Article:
"Dan [Savage] and I agreed that moderate hypocrisy - especially in marriages - is often the best policy. Momogamy [sic] is very hard for men, straight or gay, and if one partner falters occasionally (and I don't mean regularly), sometimes discretion is perfectly acceptable. You could see [Erica] Jong bridle at the thought of such dishonesty. But I think the post-seventies generation - those of us who grew up while our parents were having a sexual revolution - both appreciate the gains for sexual and emotional freedom, while being a little more aware of their potential hazards. An acceptance of mild hypocrisy as essential social and marital glue is not a revolutionary statement. It's a post-revolutionary one. As is, I'd say, my generation as a whole."

"Same-sex unions often incorporate the virtues of friendship more effectively than traditional marriages; and, at times, among gay male relationships, the openness of the contract makes it more likely to survive than many heterosexual bonds. Some of this is unavailable to the male-female union: there is more likely to be greater understanding of the need for extramarital outlets between two men than between a man and a woman; and again, the lack of children gives gay couples greater freedom. Their failures entail fewer consequences for others."

This is a peek into the post-sexual-revolution world. It is a world where couples are "friends" and promiscuity is normal because "monogamy is hard." You don't hear this kind of honesty on the floor of liberal Protestant denominations as the debate is going on because it would spook the little old ladies and naive bishops who think it's nice that the homosexuals want to become just like us - respectable and all that.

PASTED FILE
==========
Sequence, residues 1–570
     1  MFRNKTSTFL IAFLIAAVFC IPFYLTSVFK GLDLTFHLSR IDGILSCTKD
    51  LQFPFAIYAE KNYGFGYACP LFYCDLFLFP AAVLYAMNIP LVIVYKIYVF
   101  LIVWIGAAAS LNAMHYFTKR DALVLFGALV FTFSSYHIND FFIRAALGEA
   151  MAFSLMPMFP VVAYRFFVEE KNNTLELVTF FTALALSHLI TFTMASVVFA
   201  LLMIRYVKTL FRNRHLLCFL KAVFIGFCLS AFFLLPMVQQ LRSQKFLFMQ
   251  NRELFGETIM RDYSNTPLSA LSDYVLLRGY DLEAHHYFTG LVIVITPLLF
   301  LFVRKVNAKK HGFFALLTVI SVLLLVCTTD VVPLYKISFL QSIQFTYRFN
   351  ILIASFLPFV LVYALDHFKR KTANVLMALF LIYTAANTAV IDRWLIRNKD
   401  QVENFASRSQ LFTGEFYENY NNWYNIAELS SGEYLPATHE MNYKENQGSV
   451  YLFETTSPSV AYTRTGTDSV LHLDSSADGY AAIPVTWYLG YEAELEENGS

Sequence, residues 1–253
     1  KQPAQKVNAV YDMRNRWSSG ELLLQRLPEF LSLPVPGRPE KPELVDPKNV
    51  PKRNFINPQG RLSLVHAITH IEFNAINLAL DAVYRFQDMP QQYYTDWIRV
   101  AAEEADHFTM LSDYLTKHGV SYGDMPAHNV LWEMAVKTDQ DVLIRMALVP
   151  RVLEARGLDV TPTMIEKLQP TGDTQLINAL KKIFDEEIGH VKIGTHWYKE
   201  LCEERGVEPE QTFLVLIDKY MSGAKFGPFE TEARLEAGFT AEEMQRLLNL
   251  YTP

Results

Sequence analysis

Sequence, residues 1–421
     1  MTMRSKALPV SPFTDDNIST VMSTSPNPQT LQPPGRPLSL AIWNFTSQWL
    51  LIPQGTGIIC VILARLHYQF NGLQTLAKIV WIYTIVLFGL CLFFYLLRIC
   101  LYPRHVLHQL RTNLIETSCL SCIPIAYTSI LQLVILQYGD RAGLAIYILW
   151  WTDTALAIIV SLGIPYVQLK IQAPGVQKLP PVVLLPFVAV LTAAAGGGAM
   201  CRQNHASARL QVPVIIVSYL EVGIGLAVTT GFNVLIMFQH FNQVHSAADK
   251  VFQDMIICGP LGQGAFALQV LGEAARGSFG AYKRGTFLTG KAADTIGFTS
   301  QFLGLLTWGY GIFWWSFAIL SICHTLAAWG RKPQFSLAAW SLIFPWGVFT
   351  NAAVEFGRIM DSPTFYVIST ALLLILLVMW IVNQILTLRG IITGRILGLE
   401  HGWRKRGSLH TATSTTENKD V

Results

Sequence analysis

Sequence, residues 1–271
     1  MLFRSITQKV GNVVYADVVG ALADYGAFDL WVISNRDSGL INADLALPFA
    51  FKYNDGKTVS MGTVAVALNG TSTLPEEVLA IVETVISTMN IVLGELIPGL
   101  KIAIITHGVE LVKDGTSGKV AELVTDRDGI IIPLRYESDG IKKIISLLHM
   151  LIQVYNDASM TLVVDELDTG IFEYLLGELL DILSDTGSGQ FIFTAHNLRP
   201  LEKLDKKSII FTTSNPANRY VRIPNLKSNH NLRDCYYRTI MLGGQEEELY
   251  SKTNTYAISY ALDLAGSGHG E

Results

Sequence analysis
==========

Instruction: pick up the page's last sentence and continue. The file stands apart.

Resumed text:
But the deeper problem here is that they are becoming like some of us because once heterosexual monogamy becomes optional (as it did in liberal circles in the 1960's and 70's) then homosexual behaviour starts to look much less alien and ceases to be unthinkable. The unifying principle here is "promiscuity is good, monogamy is bad" - not just for homosexuals, but for all of us.

I have more respect for the radical sexual liberation theologians who are honest enough to tell us ahead of time what is coming down the pike - like Hitler did in Mein Kampf - than the liberal Protestants who pretend that all we are doing is extending the old, traditional, institution of marriage to a group which has up to now been unjustly excluded from it and that no one is trying to change your view of marriage at all.

Please, for the sake of honesty, let us stop pretending. We know where this is heading: toward a society in which marriage as it was prior to the sexual revolution no longer exists and the hook-up culture is universal (except for barely tolerated whackos and nutjobs who still believe in the old traditions). Sex and procreation are becoming completely separated and even sex and friendship will be only loosely connected in this "brave new world."

Aldous Huxley saw it all coming 80 years ago and wrote it down in his book. We can't say we weren't warned that one day soon we would regard monogamy as dirty.


Mr. Brooks said...

I love this blog Dr Carter. Best one on my feed reader. Keep up the great writing!

-Keith Brooks

Craig Carter said...

Thanks. Feel free to drop a comment anytime!

D. Chambers said...

Great blog indeed. I was laughing all throughout. Someone said it best when they said reality is more interesting than fiction.